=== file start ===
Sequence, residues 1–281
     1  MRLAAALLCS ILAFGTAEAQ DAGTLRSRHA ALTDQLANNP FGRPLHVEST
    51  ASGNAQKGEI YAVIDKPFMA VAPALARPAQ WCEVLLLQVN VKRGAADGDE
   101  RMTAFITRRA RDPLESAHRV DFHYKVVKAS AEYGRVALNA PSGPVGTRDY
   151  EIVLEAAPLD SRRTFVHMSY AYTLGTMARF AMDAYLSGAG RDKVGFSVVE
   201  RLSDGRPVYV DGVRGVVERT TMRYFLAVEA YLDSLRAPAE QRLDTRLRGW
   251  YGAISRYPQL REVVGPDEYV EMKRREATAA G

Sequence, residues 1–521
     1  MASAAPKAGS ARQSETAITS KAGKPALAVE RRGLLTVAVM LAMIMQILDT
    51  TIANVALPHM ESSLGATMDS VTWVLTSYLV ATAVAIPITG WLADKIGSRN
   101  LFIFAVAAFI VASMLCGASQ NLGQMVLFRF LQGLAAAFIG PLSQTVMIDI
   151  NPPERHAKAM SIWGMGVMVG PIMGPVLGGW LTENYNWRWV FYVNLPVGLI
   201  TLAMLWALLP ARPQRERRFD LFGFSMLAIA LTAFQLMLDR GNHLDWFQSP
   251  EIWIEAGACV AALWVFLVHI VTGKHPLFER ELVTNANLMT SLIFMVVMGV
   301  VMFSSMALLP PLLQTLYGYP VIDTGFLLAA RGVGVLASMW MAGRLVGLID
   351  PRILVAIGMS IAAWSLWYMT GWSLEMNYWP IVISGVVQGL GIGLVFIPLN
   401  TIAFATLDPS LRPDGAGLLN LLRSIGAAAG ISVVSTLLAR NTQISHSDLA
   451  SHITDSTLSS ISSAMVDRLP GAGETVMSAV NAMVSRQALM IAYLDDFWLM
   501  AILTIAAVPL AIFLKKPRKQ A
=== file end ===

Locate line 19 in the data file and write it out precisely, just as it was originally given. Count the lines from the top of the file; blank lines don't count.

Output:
   501  AILTIAAVPL AIFLKKPRKQ A